ISC 2021 Session: Treatment of Acute Stroke in Childhood and Young Adults (Debate)

Sishir Mannava, MD

International Stroke Conference 2021
March 17–19, 2021
Session: Treatment of Acute Stroke in Childhood and Young Adults (Debate) (179, On Demand)

This session began with Dr. Lisa Sun from Johns Hopkins School of Medicine presenting on brain attacks in teenagers, and that “we can best care for adolescents with stroke by organizing existing adult stroke centers to be able to treat teenagers.” Dr. Sun discussed how adult stroke centers and dedicated stroke units have better outcomes with organized stroke teams and stroke protocols. This leads to faster stroke recognition and treatment times. Dr. Sun presented data from time to imaging/diagnosis in major pediatric stroke centers after stroke protocol initiation, and, at best, the times appear to be between 1.3-1.6 hours, which is slower than the DTN times median of about 1 hour in adult stroke programs. Although primary pediatric stroke center development has been proven by the TIPS trial, Dr. Sun argued that it may not be feasible or resourceful to develop the needed amount of pediatric stroke centers to provide adequate coverage to all pediatric stroke populations.

“Endovascular therapy can be more safely and effectively administered to adolescents at an adult stroke center.” Dr. Sun discussed how thrombectomy in adolescents is technically like adult thrombectomy, and that by 5 years of age, head and neck arteries approach adult size. The common femoral artery (FA) sheaths used in adults can even be used in smaller adolescents as long as the ratio of FA size to catheter size is maintained, to avoid vasospasm. Adult stroke centers also have greater procedural experience, larger stock of devices, and higher volume of thrombectomies than pediatric thrombectomy centers. Data from the TRACK registry showed a significant difference in mRS ≥ 2 and final mTICI ≥2c-3 amongst higher volume centers as opposed to lower volume centers.

ISC 2021 Session: Tenecteplase Is Ready for Clinical Practice (Debate)

Saurav Das, MD

International Stroke Conference 2021
March 17–19, 2021
Session: Tenecteplase Is Ready for Clinical Practice (Debate) (183)

Whether tenecteplase (TNK) is ready for clinical practice is certainly one of the crucial questions faced by the stroke community today, especially in the changing landscape with emerging evidence for non-inferiority of direct thrombectomy compared to bridging recanalization treatment, the success of mobile stroke units (MSU), and our ability for pre-hospital treatment of patients within the golden hour of last known well. TNK is not a new drug. It is successfully used in treatment of myocardial infarction, and we have evidence from five randomized controlled trials (alluded to several times in the following debate) for non-inferiority compared to alteplase (tPA) in treatment of stroke. The nay-sayers do point to inherent issues with these trials and argue that we need more data. But the question is, how much longer is this wait going to be?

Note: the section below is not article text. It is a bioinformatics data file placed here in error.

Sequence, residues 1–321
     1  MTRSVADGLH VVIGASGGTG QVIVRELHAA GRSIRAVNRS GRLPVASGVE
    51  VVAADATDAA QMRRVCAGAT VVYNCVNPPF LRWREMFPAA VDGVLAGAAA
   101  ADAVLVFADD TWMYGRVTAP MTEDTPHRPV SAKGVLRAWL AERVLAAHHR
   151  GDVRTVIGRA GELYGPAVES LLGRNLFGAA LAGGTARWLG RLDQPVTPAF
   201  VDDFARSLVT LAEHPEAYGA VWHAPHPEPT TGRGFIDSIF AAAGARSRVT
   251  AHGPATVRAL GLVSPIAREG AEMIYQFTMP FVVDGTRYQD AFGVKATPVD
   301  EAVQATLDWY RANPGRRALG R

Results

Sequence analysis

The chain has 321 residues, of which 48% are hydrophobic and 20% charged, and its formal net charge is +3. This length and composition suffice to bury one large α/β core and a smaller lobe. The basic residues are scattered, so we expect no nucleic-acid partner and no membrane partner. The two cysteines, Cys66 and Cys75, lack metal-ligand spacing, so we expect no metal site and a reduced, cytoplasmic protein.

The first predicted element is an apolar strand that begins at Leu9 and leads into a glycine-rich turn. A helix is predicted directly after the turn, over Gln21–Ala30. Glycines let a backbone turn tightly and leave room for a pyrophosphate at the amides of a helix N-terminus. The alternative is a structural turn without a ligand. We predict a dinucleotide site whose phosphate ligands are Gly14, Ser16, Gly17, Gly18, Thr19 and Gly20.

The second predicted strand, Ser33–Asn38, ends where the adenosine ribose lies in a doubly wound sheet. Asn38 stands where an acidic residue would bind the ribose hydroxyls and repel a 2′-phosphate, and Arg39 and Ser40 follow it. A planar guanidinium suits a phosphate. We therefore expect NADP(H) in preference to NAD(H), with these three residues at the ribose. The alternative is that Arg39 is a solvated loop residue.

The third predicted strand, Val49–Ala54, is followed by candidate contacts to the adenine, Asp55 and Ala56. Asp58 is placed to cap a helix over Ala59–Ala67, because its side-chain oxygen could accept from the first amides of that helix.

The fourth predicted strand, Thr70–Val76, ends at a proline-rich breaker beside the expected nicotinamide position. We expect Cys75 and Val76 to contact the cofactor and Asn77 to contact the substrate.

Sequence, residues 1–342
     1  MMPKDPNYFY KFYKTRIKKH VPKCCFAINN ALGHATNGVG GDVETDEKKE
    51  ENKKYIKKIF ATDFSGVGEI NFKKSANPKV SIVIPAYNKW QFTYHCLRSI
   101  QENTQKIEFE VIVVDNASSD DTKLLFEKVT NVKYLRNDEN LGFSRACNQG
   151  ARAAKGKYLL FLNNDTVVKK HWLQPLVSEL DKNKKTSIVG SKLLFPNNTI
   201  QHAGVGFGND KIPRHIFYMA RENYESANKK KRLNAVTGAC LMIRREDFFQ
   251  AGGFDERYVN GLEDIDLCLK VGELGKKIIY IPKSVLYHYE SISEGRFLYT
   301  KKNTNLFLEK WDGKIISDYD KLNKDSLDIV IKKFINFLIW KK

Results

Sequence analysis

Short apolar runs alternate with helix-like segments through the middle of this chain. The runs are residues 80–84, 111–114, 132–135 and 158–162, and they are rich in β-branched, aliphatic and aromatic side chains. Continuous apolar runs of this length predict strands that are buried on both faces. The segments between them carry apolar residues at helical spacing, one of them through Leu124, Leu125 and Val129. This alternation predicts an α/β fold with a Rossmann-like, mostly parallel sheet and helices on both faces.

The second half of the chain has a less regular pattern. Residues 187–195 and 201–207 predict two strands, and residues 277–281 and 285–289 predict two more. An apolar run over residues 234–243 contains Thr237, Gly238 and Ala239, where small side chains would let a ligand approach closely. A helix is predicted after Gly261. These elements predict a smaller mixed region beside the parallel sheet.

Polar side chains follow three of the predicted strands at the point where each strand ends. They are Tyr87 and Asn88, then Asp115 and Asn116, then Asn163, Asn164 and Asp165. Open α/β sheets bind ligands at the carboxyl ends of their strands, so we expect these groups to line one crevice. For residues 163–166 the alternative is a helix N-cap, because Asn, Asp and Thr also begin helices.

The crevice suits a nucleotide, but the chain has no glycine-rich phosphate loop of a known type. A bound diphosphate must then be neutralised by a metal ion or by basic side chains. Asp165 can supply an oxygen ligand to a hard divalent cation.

This debate was in 5 segments. In the first segment, Dr. Jeffrey Saver from the University of California, Los Angeles (UCLA) argued in favor of the motion. In the second segment, Dr. Patrick Lyden from Keck School of Medicine, University of South California, argued against the motion. In the third segment, both the speakers had an opportunity for rebuttal. In the fourth segment, Dr. Shelagh Coutts from the University of Calgary provided her balancing view. And in the final segment, Dr. Steven Warach from Dell School of Medicine, UT Austin, shared his practical experience with use of TNK for the past 15 months. The session was moderated by Dr. E. Clarke Haley Jr. from the University of Virginia, Charlottesville.